- John Kehoe, The Practice of Happiness
This month has been another busy month in our lives: the end of the school year, the beginning of summer and summer travel, a move from our home and the beginning of a transition overseas. With so much going on, I’ve been less active on the blog and less conscious in my every day, including in my parenting. However, as the month came to a close, I finally slowed down saw the stress of the change in our environment as a wake up call to return to a more conscious state.
Morning and Evening Rituals
With most of our belongings packed up or packed away and our home bases changing every week, I decided that it might be helpful to add a few daily consciousness rituals to our routine to give our days on the road a bit more structure and intention. I’ve started a mini yoga practice with my daughter in the morning, to wake us up and start our mornings off calmly and connected. After our yoga, we both choose a “word for the day” (intention being a bit too complicated for a four-year-old) that we want to keep with us throughout the day. So far she’s enjoyed this and brought up our words at various points to apply them to things we’ve been doing. So far we’ve used “loving, happy, appreciative, “pause,” and “listen.” With inspiration from Left Brain Buddha, our evening routine now includes, our three favorite things from the day and a loving kindness meditation.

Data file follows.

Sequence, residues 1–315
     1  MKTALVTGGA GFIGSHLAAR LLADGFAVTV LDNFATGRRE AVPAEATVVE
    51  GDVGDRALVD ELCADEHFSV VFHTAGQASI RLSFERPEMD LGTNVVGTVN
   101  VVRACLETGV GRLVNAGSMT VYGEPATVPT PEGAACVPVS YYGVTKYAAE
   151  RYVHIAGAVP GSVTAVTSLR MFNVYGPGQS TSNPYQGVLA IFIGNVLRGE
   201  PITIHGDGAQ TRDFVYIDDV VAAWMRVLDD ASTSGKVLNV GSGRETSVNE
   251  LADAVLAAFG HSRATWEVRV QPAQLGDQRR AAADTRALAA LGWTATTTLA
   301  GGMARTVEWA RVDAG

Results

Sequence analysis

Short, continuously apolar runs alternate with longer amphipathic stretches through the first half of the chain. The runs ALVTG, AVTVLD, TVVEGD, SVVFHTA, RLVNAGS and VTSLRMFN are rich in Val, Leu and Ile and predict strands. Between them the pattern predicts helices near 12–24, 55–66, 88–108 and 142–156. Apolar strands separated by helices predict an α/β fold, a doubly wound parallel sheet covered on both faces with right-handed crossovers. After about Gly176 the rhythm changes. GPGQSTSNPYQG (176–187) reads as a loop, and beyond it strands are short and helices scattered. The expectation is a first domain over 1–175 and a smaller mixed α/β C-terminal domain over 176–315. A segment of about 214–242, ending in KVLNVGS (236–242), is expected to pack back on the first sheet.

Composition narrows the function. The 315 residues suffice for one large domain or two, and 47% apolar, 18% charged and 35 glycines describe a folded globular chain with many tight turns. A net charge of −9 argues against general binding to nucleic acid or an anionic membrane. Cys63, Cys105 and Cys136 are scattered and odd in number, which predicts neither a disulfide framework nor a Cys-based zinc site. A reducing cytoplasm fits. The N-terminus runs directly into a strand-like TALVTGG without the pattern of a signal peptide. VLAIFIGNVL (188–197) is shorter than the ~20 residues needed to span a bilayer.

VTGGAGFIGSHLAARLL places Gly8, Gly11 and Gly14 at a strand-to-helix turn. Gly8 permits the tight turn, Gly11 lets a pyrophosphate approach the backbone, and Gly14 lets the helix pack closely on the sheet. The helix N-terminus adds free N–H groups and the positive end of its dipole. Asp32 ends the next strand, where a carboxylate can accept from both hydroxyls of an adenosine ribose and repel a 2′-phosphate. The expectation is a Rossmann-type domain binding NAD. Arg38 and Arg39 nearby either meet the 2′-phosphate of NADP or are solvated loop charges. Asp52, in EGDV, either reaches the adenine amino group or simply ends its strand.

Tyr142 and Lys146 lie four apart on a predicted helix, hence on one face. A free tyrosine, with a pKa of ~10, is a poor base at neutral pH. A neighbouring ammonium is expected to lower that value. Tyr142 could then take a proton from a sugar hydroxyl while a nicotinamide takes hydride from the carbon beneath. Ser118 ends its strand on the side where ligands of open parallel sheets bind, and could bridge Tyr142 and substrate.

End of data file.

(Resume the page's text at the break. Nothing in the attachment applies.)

Conscious Parenting Resources
Speaking of Left Brain Buddha… I was so excited to find this blog this month. The blog is written by Sarah Rudell Beach, a mother, teacher and blogger. On Left Brain Buddha she shares her ideas and thoughts on mindful parenting, meditation, motherhood, joyful living and spirituality. Her posts are informative and inspiring.
I also recently read an older, but still relevant, descriptive, informational article on conscious parenting in practice in Psychology today called Imperfect Mothers. In the article, author Andrea Fox describes a specific encounter with her daughter in which she used conscious parenting practices, as well describing the “Three Fs” process (Focus, Find and Forgive) for conscious parenting in-the-moment.